What Is An Order Of Protection?
An order of protection is an order that is issued by the court for one party to stay away from another. There are two types. One is a “stay away” order, which is one party’s order to stay away from the work, home, school, or business of another person. The other is a “refrain from” order, which means that both parties can be together but the party who has the order against him or her has to refrain from acts of violence, intimidation, threats, and harassment against the other party. We often see both types of orders of protection in domestic violence cases. In other alleged domestic violence cases, where the judge doesn’t see fit to displace one of the parties from his or her home, a judge will issue a “Refrain From” order in order to keep the peace.
Who Can Actually File For An Order Of Protection In A Domestic Violence Case In New York?
The claim can be made by any person who has had an intimate relationship with the other person, or family. Even a cousin against a cousin would be subject to a domestic violence order of protection. Certainly, spouse or domestic partner can make that claim. In most cases, the court is going to err on the side of caution and issue an order of protection.
Are Orders Of Protection Always Put In Place When There Is A Domestic Violence Related Arrest?
In New York, an order of protection is usually put in place upon a domestic violence arrest. It’s unusual that an Order is not put in place. After one is requested by the prosecutor it becomes an easy decision for the Court to grant the application because there is often a fear that if an Order is not issued some harm could come to the person seeking the Order. It’s a way for the Court to do its best to protect the interested party and itself.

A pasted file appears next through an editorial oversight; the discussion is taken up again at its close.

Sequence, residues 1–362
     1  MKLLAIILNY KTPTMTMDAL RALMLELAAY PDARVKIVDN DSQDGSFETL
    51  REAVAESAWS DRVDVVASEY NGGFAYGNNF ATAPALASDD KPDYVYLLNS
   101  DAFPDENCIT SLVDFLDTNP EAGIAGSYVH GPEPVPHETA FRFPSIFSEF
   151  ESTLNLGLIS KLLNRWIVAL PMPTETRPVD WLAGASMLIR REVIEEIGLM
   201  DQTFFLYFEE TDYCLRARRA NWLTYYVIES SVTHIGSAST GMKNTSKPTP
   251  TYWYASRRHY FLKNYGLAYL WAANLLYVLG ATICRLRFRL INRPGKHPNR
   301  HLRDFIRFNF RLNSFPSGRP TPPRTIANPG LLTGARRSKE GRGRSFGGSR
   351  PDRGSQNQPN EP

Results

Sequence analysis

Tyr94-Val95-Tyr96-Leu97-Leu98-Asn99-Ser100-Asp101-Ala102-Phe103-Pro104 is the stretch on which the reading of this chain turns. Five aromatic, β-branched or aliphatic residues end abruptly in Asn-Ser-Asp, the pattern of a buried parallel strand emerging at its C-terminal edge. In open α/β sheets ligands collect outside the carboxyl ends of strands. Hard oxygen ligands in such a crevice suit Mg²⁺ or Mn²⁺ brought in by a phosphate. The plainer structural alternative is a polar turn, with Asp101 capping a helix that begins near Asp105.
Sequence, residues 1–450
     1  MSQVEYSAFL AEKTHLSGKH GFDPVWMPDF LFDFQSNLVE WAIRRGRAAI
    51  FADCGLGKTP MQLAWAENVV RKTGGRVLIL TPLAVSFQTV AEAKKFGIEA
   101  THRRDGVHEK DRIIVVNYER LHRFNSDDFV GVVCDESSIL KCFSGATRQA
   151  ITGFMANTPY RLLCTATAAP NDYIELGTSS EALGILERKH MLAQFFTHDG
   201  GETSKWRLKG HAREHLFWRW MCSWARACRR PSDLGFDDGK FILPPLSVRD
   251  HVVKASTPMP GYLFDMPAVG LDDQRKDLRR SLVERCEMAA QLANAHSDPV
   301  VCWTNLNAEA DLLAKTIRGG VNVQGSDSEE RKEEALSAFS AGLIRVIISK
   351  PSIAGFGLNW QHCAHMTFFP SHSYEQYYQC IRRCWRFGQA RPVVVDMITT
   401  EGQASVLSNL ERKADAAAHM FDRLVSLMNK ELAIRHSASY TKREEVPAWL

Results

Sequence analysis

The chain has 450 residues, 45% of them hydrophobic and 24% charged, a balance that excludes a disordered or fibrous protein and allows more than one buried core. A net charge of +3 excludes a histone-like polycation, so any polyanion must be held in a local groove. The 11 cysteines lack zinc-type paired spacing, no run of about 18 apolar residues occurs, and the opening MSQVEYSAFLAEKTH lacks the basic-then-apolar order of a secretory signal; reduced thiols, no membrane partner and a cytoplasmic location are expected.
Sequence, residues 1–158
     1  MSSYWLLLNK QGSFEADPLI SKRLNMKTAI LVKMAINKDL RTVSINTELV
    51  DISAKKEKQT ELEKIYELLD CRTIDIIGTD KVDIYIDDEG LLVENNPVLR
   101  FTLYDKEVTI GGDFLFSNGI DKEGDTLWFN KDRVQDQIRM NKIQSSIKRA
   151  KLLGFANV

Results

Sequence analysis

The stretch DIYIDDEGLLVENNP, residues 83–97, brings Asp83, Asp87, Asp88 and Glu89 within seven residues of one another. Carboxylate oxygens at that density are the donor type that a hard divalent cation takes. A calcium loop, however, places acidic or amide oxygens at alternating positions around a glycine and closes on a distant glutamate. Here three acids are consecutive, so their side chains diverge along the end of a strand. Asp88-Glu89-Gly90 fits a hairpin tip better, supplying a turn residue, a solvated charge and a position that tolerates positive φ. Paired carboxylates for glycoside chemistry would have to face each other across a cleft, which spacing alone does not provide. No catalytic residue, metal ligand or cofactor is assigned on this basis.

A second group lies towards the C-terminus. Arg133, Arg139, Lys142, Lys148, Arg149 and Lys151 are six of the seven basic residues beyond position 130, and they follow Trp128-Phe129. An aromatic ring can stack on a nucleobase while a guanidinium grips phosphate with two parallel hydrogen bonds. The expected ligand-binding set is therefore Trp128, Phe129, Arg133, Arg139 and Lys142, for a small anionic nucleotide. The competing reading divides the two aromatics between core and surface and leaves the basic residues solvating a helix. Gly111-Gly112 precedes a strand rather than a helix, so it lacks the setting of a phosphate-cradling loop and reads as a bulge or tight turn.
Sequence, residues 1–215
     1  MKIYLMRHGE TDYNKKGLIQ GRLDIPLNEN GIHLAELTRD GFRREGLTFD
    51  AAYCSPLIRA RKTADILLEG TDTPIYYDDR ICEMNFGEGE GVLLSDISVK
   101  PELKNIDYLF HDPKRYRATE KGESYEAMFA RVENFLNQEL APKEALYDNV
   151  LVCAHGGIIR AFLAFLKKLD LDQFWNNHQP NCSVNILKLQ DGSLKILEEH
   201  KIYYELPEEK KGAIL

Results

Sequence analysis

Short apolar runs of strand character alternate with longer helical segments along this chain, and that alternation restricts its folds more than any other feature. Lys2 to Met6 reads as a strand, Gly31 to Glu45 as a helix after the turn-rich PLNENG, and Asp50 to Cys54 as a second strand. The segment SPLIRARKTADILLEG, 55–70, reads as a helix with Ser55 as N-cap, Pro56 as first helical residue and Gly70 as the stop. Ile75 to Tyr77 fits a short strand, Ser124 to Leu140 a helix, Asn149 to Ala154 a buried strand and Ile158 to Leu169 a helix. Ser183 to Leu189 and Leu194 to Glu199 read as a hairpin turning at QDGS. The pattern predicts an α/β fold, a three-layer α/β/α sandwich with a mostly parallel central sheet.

How Long Is An Order Of Protection In Effect For In New York?
The Order could be in effect for the pendency of the court case. That is called a temporary order. The order can become a permanent order if the client pleads guilty to an offense, if that occurs an order may remain in effect for one year and up to several years. An order will be dropped if a case is dismissed.
Will There Be Any Sort Of Hearing For An Order Of Protection Placed Against Me?
I often ask for the opportunity for an order of protection hearing, especially if my client is a spouse who has been displaced from his or her home, with nowhere else to go. These orders of protection often put someone out on the street and if you don’t have family or friends, or enough money to get a hotel, you are living out of your car or worse. The court, depending on who the judge is, sometimes will grant that order of protection hearing and then we find out whether or not that order, the way that it actually stands, is necessary or not under the circumstances.
Is It Possible To Plead Your Case And Have An Order Of Protection Dropped?
Many times, as part of a resolution to the case, we require an order of protection to be dropped. We would require the District Attorney’s office to consider dropping the order of protection, so that our clients can either go about their lives without an order in effect by the court, or go back to their spouse. Many times, the accusation of a domestic violence incident, after some time, becomes clear as to what happened and some of the parties decide not to go forward, and they don’t want an order of protection in effect. It’s very important to take into account your client’s need at the end of the case.
For more information on Orders Of Protection In Domestic Violence Cases, a free initial consultation is your next best step. Get the information and legal answers you’re seeking by calling (631) 994-7504 today.
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